NYC stock exchange
Traders work on the floor of the New York Stock Exchange (NYSE) in New York City Brendan McDermid/ Reuters

The main problem in current financial analytics is centralisation, according to Mike Brusov, CEO of Cindicator, which uses the wisdom of the crowd to answer questions about markets. This is because analysts cluster their forecasts and opinions in open access and these opinions impact upon the opinions of other analysts.

Cindicator cuts through this centralisation bias by aggregating opinion from a wide range of diverse forecasters from different countries with different professional backgrounds, with different personal experience. The results, which like a prediction market are always more accurate than even the most expert opinion, are sold to hedge funds and traders looking for an edge.

Brusov conducted a simple experiment to show how bias affects prediction. Using Facebook, he showed a picture of a packet of nuts and asked a group of friends to guess the number. The first time he conducted the test, he asked his friends to only answer in comments, so they could see the other answers. The answers shown had an impact on other answers, and as a result the average prediction Brusov received from his friend-crowd was not very accurate.

When he repeated the experiment, but asked his friends to use direct message, the average prediction turned out to be a lot more accurate. He said out of 100 people, some said 50 nuts, others said as much as 600, but the average from the crowd was 321. There were 329 in the picture.

"We are not a prediction market," states Brusov. "So our forecasters don't risk their money. We motivate them with a chance to win a real cash prize at the end of each month. The prize money is around $2000 per month and we divide this prize among the first 2% of forecasters."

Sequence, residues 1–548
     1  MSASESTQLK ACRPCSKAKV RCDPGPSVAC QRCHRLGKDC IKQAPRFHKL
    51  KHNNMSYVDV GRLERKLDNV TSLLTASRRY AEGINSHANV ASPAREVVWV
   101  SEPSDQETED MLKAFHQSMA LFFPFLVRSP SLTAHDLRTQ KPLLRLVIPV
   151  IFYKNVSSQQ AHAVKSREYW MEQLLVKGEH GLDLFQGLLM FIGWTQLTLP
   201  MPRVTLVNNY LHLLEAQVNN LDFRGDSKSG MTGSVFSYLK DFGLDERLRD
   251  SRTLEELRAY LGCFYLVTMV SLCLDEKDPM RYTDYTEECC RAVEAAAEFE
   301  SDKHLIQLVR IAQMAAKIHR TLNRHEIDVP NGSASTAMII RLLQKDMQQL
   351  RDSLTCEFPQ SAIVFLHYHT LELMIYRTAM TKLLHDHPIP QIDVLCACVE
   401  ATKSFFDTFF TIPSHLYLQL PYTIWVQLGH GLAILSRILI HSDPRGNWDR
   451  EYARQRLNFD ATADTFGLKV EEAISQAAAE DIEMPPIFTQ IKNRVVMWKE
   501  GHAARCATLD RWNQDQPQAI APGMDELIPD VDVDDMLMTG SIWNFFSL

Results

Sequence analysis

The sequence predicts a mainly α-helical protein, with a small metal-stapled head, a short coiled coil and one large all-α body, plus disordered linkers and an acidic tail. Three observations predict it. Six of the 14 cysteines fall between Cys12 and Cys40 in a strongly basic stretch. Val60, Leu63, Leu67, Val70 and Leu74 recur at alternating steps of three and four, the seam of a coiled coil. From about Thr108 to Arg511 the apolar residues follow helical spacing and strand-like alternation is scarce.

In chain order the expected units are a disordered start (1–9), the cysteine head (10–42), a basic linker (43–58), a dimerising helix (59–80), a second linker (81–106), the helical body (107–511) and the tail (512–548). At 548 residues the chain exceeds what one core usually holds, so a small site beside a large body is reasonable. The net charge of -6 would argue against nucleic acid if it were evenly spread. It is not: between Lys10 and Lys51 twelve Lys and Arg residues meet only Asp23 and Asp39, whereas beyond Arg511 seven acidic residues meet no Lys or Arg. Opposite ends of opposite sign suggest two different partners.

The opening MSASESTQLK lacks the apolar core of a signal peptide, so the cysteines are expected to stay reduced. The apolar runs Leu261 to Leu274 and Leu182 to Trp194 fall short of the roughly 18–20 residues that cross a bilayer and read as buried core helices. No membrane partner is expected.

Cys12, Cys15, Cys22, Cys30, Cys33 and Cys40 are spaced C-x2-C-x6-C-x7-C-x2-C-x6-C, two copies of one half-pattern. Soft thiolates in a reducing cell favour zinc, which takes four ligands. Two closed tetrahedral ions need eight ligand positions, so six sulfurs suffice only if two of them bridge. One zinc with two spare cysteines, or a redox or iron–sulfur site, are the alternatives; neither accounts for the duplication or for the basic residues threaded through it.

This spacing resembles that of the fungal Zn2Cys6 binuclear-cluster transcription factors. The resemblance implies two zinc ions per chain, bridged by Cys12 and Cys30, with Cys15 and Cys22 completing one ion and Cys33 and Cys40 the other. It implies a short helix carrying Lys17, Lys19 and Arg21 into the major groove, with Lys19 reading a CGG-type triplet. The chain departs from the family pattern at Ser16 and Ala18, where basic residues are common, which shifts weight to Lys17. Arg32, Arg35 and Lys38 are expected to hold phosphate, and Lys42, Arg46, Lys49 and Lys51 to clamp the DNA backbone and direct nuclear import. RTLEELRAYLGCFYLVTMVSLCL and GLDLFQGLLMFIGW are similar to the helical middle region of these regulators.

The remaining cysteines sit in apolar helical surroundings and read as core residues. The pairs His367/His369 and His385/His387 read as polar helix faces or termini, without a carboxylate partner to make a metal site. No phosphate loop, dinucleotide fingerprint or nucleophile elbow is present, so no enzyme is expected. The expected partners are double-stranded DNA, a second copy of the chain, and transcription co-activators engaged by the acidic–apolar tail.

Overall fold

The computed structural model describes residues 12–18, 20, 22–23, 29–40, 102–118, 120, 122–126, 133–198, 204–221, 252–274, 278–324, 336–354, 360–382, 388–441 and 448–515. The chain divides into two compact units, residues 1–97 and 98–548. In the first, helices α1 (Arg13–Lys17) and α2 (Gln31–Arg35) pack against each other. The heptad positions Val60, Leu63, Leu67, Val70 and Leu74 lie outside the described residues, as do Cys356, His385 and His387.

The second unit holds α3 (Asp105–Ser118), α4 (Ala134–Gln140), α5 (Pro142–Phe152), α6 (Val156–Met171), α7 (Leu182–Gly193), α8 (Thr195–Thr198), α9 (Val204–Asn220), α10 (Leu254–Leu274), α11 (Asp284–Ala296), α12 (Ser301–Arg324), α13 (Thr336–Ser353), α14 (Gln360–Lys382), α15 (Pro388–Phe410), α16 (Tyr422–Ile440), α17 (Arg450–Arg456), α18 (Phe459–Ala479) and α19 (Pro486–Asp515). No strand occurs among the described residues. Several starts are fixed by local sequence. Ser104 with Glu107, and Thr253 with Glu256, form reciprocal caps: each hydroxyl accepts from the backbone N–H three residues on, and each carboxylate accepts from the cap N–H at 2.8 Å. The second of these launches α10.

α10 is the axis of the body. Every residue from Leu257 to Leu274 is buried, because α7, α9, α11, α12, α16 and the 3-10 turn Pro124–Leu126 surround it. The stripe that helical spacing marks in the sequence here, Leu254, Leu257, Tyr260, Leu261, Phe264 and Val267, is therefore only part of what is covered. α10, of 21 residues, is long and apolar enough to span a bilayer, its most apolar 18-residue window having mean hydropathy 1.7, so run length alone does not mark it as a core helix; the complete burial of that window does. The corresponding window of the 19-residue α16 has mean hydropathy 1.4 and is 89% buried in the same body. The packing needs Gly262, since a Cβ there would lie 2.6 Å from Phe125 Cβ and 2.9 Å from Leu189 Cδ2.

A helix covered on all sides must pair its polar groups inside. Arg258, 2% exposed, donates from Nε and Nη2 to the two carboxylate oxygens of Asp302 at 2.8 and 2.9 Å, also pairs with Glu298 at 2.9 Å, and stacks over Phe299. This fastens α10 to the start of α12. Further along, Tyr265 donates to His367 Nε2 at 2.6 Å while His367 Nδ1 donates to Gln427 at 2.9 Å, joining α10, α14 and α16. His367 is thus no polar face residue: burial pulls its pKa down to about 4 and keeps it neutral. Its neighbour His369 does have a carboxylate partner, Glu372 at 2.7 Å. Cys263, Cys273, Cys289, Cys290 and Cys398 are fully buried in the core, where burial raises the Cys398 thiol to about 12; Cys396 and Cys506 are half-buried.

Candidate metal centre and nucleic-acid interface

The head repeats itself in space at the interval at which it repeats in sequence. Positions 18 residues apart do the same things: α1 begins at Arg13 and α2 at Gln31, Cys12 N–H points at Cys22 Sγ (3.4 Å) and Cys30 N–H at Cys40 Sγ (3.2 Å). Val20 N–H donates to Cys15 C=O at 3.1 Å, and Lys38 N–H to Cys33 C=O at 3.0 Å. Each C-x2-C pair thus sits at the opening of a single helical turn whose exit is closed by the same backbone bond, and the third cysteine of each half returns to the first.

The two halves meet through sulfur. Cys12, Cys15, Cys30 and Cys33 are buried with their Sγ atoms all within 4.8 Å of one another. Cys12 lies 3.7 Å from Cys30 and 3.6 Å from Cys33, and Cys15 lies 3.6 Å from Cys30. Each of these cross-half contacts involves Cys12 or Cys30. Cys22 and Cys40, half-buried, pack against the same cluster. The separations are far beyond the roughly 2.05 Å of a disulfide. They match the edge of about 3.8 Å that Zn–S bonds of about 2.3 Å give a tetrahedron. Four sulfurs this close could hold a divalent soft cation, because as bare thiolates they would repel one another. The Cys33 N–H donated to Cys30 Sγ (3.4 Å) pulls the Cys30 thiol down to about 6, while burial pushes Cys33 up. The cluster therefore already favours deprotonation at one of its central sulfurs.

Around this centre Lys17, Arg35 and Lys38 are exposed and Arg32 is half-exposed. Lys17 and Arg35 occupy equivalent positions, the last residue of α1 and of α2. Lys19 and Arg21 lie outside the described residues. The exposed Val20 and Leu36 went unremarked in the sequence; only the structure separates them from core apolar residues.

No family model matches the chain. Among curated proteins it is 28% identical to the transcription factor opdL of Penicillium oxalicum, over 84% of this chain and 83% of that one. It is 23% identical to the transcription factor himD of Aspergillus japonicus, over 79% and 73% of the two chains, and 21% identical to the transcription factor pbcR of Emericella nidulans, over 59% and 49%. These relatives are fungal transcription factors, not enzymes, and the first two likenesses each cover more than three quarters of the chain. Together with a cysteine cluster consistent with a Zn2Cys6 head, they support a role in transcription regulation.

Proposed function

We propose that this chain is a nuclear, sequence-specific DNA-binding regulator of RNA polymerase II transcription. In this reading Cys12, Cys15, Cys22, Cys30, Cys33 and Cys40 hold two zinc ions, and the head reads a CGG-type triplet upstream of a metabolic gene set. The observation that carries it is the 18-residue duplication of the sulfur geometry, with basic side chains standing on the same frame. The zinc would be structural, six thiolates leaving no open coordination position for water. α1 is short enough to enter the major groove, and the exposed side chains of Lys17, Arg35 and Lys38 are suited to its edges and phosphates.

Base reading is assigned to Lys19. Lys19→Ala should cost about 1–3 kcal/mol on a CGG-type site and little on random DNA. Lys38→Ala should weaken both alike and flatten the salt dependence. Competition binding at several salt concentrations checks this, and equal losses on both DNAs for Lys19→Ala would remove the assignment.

Brusov said a secondary, long-term motivation is that forecasters like to use the application to test their trading or investing skills. "Our users like to show their ability to make a more precise forecast, than, for example, a professional analyst from Wall Street. And people like to publicly show their point of view about anything – finance, politics etc."

Access to the platform and its real time "indicators" comes at a monthly subscription, and it's from here the prize money is scalped. Since launching in July this year, the service has been snapped up by hedge funds and traders. Cindicator also opened its own trade account a couple of months ago, using only its crowd indicators.

"We opened an account for $100,000 and we got revenue around $50,000 in the first month of trading. We explained and showed all our deals in a blog on medium so everyone could see this public experiment," said Brusov.

He explained the system comprises four types of indicator: about stocks, about futures, about financial economic reports, and about some political news which can directly or indirectly impact on the financial markets and dump on the share prices.

Two financial analysts generate around 10 or 15 yes/no questions every day; in addition the service has added automatically generated questions by bot (5-7 questions per day). Questions are about the max and min price for any financial asset for the during week. The audience chooses a probability for each event. The answers are collated and the average probability is the crowd indicator.

Brusov said systems like Estimize have a similar idea, except they only forecast from professional analysts. In the long term a more diverse crowd will always be more accurate, he said. Right now the system has 5,000 forecasters and Brusov plans to engage 30,000 by the end of this year.

There are two subscription plans: a basic subscription is around $200 per month which provides access to daily posts to daily posts and access to the weekly signals about any requested asset. A corporate plan is being launched to allow firms to generate their own questions and customise their insights, and access to all data and signals via API to use it in algorithm-trading for example.

"We started in financial markets because every day traders are trying to predict price movements," said Brusov. "But financial markets are only the beginning. Our solution we can be integrated into different areas like politics, sport, or a corporate solution."